FIA Curator Maggie Saponaro
Librarian for Journalism and Hearing and Speech Sciences
FIA: Looking Forward at Libraries and Librarianship
Libraries have had a long and venerable history, and are often highly regarded by users. From the first collection of clay tablets to today's mobile devices, technology has played a key role in how libraries and librarians have been able to preserve and provide access to information for users. How users access information is changing, as is the image of library as "space." However, even as libraries look to new technologies and services and reconfigure spaces for current and future users, some things remain constant. As noted by Okerson (2003, pp. 280-281), eight "eternal verities" exist with regard to library collections and services:
- Content is selectable
- Content is collectible
- Content is valuable and libraries retain it for the long-term
- Collections grow and provisions must be made for storing content
- Collecting can be the equivalent of long-term preservation
- Libraries and their collections are meant to endure
- Libraries exist to meet the information needs of users
- Information is global, and libraries preserve and provide access to information world-wide.
(Okerson, Ann. 2003. "Asteroids, Moore's Law, and the Star Alliance." Journal of Academic Librarianship 29, no. 5: 280-285.)
These "truths" must be kept in mind as libraries address challenges and opportunities facing them in today's rapidly-changing environment. What are some of these issues? In their work Academic Librarianship (New York: Neal-Schuman, 2010)*, Camila A. Alire and G. Edward Evans surveyed a number of academic library directors who each contributed an essay on what they saw as the future for academic libraries and librarianship as a whole. A number of themes emerged from these essays, the most commonly-cited being:
- The need for radical change
- Effective adaptation of technology
- Increased role of digitization
- Library as place
- Addressing financial challenges (p. 329).
For many in the library profession, the above-cited issues are not new, but must be acknowledged and addressed as libraries continue to evolve into the future.
* This title is available at McKeldin Library, call number: Z675 U5 A427 2010.
Curiosity: Michael Keller: The Library in the Digital Age -- Discovery Channel interview of Stanford University’s Michael Keller - the Ida M. Green University Librarian, Director of Academic Information Resources, Publisher of HighWire Press
Why does the World Need Librarians? -- Brief video on one view of why librarians are still needed, submitted in support of a student application for the “Librarianship Into the Future” scholarship at the iSchool at Syracuse University.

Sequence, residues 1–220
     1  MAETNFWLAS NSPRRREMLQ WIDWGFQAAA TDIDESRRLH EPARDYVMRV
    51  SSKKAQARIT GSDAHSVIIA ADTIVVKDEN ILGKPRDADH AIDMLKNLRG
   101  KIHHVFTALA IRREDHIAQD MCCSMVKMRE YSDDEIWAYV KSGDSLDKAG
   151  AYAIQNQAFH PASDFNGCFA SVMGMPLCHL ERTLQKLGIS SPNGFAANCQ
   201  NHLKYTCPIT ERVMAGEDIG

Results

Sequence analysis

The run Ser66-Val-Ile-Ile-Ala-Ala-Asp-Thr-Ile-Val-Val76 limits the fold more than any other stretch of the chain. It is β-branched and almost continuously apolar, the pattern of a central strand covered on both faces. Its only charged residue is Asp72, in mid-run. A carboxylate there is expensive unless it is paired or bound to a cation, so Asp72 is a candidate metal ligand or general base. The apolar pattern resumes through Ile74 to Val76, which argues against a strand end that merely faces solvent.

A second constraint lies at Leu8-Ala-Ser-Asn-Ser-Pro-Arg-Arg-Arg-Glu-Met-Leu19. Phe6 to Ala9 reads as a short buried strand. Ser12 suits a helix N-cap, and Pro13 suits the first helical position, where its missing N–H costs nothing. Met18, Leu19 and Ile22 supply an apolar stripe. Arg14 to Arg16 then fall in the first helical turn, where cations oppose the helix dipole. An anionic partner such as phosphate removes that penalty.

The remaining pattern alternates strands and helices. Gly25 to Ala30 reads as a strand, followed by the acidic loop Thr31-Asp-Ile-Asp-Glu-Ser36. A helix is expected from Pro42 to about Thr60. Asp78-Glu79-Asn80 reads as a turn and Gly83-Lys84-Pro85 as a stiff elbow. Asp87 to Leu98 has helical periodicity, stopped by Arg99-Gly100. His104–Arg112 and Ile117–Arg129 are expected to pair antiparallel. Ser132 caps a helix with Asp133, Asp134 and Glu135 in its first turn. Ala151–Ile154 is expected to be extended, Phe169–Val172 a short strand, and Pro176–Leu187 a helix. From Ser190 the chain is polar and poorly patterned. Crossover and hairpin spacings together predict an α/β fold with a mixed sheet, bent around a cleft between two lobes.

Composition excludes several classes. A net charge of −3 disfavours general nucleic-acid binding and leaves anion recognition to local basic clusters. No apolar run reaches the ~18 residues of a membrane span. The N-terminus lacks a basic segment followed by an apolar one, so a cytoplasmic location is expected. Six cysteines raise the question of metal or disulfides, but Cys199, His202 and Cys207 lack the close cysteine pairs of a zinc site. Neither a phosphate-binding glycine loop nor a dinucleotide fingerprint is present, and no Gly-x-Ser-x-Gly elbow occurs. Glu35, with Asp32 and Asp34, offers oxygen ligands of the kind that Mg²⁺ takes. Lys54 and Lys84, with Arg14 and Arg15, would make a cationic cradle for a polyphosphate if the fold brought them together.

Above the Fold
Weekly electronic newsletter from OCLC that “seeks to bring attention to items of interest from beyond our normal reading sphere,” with articles of interest on such topics as libraries, services and technology. RSS and e-mail subscriptions are available.
Checking Out The Future: Perspectives from the Library Community on Information Technology and 21st-Century Libraries (Also seen above)
Policy brief from the American Library Association’s Office for Information Technology Policy (2010).
The Googlization of Everything
Blog by Siva Vaidhyanathan - Robertson Professor in Media Studies and Chair, Department of Media Studies, University of Virginia.
Blog by Michael Zimmer, assistant professor in the School of Information Studies at the University of Wisconsin-Milwaukee, and co-director of the Center for Information Policy Research (http://www4.uwm.edu/cipr/), discussing information ethics, privacy, new media and other issues of current interest to libraries and librarians.
University Libraries 2012 Progress Report
Goals and objectives for the University of Maryland Libraries.
Steven Bell’s Resource Center
Page maintained by Steven Bell – AUL, Temple University and Vice-President/President Elect – Association of College and Research Libraries (ACRL). Includes links and background on design thinking and the user experience.
Top Technology Trends
From the Library and Information Technology Association (LITA).
UMD Libraries’ Emerging Technology Discussion Group Delicious Page
A collection of emerging technology links and resources provided by members of the UM Libraries’ community.
“While some individuals are pessimistic about the future of libraries, many in the community envision future library services that incorporate new philosophies, new technologies, and new spaces to meet the needs of all users more effectively than ever before. These changes go beyond merely incorporating technological advances to include rethinking the very core of what defines a library—the sense of place, of service, and of community that has characterized the modern library for the last century.”
Jennifer C. Hendrix, Introduction to Checking Out The Future: Perspectives from the Library Community on Information Technology and 21st- Century Libraries. Policy Brief No. 2. Chicago: ALA Office for Information Technology Policy, 2010, p. 3.